The data were collected in March and April 2009 from two different types of location: the International Airport and nearby hotels/lodges. Travelling by air is the only route by which Nepalese migrants can to go to the Gulf countries. There is only one international airport in Nepal, Tribhuvan International Airport of Nepal, located in Kathmandu valley. Different national as well as international airlines have regular scheduled flights to the different Gulf countries. Participants recruited at the airport were interviewed at the departure area, where normally Nepalese migrant travellers come three to four hours before their scheduled flight time.

Additionally, hotels and lodges near the airport and the bus park area of Kathmandu were also approached for permission to interview the travellers. The processing of visas and medical check ups are only possible in Kathmandu, so the people planning to migrate to the Gulf countries have to stay for several days in Kathmandu valley. By recruiting the study population from both of these types of site we were able to interview migrants who had just returned from Gulf countries and migrants who were about to go to those countries after a stay in Nepal. It was assumed that it would be possible to meet the migrants from many different socio-economic backgrounds from the different regions of Nepal at the same place.

The inclusion criteria for the study were: adult people who had work experience of at least six months in one of the three Gulf countries (Qatar, Saudi Arabia and United Arab Emirates (UAE)), who were in Nepal at the time of recruitment and who had returned to Nepal within last 12 months (on their annual leave or for any other reason).

We were not able to identify a previously validated, standardised questionnaire suitable for recording self reported health problems of Nepalese migrants in similar settings. We developed the questionnaire on the basis of previous qualitative literature and the opinions of the subject experts in this area. Some of the demographic questions were adopted from a previous study of Nepalese migrants in the UK [33]. Key informants for this research were immigration officers, manpower agencies personnel and hotel owners during the initial phase of questionnaire design. The questionnaire was piloted among the respondents who had previous work experience for more than a six months period in the Gulf countries. Our main study data did not include the data obtained from the respondents of the pilot study or the information obtained from the key informants.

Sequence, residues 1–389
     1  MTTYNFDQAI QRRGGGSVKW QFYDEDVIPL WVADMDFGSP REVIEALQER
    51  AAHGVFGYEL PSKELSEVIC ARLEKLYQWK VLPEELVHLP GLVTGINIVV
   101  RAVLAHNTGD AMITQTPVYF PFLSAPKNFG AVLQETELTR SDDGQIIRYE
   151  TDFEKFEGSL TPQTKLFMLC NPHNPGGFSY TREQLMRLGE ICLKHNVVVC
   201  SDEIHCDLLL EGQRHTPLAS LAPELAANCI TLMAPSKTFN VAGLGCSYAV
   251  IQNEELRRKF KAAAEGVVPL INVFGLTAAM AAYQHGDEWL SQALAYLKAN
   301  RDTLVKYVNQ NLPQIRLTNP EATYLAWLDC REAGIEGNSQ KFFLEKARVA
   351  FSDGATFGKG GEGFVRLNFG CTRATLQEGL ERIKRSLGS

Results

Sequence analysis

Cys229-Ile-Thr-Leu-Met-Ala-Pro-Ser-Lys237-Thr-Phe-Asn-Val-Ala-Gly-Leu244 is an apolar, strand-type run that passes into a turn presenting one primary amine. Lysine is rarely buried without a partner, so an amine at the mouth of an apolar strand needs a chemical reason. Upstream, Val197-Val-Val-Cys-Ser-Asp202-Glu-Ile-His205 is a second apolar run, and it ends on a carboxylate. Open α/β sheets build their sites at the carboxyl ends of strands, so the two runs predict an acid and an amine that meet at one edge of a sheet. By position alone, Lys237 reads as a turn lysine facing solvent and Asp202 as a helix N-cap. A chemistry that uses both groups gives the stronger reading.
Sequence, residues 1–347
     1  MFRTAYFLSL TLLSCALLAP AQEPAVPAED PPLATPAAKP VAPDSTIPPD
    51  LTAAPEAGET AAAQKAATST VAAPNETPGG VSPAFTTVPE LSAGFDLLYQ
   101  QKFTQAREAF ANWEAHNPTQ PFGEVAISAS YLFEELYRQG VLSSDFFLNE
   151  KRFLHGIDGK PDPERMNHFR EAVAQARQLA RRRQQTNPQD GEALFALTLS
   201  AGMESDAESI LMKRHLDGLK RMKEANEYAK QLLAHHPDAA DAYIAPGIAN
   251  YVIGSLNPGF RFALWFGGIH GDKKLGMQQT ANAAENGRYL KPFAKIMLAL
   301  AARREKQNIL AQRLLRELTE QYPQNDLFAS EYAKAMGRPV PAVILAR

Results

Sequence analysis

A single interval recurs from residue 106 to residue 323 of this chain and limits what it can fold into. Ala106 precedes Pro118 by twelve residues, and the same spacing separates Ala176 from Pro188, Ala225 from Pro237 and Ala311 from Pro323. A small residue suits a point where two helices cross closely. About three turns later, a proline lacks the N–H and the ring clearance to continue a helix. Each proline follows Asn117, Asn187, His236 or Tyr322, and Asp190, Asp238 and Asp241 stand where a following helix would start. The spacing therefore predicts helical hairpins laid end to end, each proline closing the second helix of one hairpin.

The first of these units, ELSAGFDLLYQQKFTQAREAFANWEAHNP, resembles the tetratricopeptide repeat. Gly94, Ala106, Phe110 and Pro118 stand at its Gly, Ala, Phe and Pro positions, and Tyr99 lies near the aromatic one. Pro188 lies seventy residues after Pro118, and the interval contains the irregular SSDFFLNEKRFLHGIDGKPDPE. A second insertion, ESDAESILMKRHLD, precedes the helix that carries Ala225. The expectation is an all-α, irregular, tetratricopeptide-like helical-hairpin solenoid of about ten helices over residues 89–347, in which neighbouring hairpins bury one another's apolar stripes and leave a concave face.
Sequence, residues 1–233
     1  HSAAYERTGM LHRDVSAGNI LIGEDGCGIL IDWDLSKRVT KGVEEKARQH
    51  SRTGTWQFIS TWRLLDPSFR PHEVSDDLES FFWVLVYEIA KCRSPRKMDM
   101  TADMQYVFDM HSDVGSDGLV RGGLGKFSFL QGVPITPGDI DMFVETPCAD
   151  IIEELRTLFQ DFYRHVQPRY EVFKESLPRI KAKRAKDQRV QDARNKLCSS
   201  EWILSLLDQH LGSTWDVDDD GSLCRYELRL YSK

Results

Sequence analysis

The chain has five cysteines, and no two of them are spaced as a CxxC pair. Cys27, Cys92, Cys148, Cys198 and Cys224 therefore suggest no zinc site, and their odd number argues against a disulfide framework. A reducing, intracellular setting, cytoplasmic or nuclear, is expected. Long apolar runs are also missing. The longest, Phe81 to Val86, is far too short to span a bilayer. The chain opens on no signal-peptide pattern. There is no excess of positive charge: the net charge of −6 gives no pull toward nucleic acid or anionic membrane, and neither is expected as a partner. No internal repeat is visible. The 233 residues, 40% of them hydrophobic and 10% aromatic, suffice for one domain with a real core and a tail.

Ethical approval was obtained from the Ethics committee of Nepal Health Research Council (NHRC). Before starting the research project, approval and permission were gained from the Immigration Department, Tribhuvan International Airport, Kathmandu and from the owners of the hotels near the airport and bus park area. Verbal consent was obtained from the potential participants after they had received this information. The interview started only if consent was given.